I hate to say it, but I'm behind with my reading challenge. Goodreads is reminding me daily that I'm two books behind schedule in order to reach 100 by the end of the year. This month has been light on the reading-front. I spent about two weeks battling through Helter Skelter, which was so much longer than I expected (although very interesting, which kind of made up for it). The thing is, when it's sunny outside, it's so tempting to just drop everything and head to the pub garden rather than battening down the hatches with a book. Still, I set myself a goal and I'm intending to see it through - so binge-watching Orange is the New Black will have to wait for me to catch up with myself.
Helter Skelter: The True Story of the Manson Murders by Vincent Bugliosi
I am endlessly fascinated with cults, and serial killers. They are both so out of my realms of understanding, and I am desperate to wrap my head around their motivations and experiences. So the story of Charles Manson and The Family, who infamously committed a string of murders in California in the 1970s is, as you can imagine, the perfect marriage of two of the most bizarre and interesting, not to mention horrifying, parts of existence. This non-fiction book, written by the prosecutor who tried Manson and his co-defendants, is a bit of a slog and includes a LOT of detail. If you want to know the real ins and outs, then this is the book for you. Although I found the book interesting, there wasn't enough depth into the characters and motivations for my liking; perhaps, because it is impossible to know why these women would kill on Manson's command, and how he came to have that sort of power. Oddly enough, there was one moment where I actually sympathised with Manson - a brief, but surprising feeling given who he is and what he's done. This is the first true-crime book I've read, but I don't think it will be the last.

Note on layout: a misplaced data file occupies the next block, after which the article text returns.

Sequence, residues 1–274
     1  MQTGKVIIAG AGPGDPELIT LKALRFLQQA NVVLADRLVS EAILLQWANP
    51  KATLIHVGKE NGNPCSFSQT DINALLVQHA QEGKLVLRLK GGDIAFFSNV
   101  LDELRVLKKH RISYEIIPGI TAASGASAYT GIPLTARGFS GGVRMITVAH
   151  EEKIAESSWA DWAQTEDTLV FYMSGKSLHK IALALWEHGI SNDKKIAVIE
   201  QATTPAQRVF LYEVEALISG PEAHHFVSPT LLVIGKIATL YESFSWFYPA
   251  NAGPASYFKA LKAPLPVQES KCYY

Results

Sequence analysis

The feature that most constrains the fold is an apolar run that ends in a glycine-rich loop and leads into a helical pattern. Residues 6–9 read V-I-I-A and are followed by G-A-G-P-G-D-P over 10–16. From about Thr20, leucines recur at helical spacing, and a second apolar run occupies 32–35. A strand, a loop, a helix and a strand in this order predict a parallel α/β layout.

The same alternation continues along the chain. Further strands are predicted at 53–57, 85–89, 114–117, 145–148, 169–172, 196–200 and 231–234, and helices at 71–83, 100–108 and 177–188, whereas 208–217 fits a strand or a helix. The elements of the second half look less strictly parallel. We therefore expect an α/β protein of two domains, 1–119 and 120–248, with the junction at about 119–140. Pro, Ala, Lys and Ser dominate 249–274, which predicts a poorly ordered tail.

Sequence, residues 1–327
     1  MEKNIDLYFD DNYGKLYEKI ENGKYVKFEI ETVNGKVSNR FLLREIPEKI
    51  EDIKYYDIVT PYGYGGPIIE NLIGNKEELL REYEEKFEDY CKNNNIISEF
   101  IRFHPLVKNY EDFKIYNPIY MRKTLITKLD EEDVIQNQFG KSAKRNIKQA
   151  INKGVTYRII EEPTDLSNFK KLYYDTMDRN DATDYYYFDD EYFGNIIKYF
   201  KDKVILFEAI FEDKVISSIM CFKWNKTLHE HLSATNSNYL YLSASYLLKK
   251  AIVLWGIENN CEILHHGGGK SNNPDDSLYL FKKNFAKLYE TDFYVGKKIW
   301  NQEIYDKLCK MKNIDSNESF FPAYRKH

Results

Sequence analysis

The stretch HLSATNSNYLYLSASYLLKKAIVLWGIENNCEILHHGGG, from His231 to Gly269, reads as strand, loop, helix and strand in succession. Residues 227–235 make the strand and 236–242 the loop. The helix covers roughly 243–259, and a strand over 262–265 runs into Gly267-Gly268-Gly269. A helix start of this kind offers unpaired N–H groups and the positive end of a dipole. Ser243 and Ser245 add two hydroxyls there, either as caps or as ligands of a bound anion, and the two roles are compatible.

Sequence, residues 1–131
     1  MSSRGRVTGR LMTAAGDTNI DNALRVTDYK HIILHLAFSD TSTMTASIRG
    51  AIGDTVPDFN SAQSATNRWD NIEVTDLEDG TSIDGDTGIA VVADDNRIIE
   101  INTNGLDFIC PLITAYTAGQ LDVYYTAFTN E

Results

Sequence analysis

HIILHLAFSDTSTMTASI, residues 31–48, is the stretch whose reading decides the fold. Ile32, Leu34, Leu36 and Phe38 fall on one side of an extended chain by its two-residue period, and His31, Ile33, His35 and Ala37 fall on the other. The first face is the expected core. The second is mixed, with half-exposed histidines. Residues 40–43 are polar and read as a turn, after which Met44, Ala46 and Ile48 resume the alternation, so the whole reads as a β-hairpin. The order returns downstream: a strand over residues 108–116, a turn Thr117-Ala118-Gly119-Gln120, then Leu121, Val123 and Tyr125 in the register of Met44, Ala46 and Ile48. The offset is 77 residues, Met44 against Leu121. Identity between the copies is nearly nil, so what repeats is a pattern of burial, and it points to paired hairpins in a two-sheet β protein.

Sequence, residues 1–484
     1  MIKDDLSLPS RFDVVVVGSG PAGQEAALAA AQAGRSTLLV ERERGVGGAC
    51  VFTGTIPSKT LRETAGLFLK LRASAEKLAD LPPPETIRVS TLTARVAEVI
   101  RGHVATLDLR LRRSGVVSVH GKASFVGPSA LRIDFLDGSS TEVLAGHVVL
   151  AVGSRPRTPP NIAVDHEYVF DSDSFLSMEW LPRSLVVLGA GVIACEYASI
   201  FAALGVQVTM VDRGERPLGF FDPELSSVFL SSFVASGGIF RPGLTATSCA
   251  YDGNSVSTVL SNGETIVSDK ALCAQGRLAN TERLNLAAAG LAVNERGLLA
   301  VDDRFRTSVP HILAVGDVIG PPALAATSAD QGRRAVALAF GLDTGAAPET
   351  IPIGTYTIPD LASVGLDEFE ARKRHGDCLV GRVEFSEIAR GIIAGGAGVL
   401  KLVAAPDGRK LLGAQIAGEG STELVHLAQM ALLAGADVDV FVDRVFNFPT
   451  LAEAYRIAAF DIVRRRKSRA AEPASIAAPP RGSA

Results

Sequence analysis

The Lovely Bones by Alice Sebold
Oh, this book is heart-wrenching. Truly, truly heart-wrenching. I'm sure you know it, but if not then The Lovely Bones tells the of the aftermath of the murder of a teenage girl and how her family and friends come to terms with her death, with a surprising twist: Susie herself is telling the story from heaven, and has to come to terms with things herself. I choked up so many times, particularly when her Dad was struggling. It's the worst thing you can ever imagine, but then life still has to go on. This book is beautiful, and it will make you cry.
We Are All Completely Beside Ourselves by Karen Joy Fowler
This book is in hot contention for the best book I've read this year. I'll be thinking about it for a long, long time. It tells the story of Rosemary and her unusual family; at the beginning you think that she's just your average slightly-spoiled, rebellious college girl, but quickly you realise that there is SO much more behind the scenes. This book was really unusual, and had me totally hooked. I loved how Fowler wove in some pretty serious, meaty issues but with such a human touch - it didn't feel preachy but at the same time you felt like you'd learnt a lesson when you put it down. Definitely give this a go if you're looking for a new book.
Black Iris by Leah Raeder
I keep finding myself drawn to these kinds of Young Adult fiction books this year; they're easy, they're escapism and they're a little bit thrilling. This dark, sexy tale, however, is one of the better ones, with some fantastic writing to boot. I loved the language throughout, and the level of suspense. I got a bit tied up in the plot by the end, which felt a little bit convoluted, and I would question the motives of some of the characters, but I was hooked until the end. Want a decent beach read that isn't just fluff? This is it.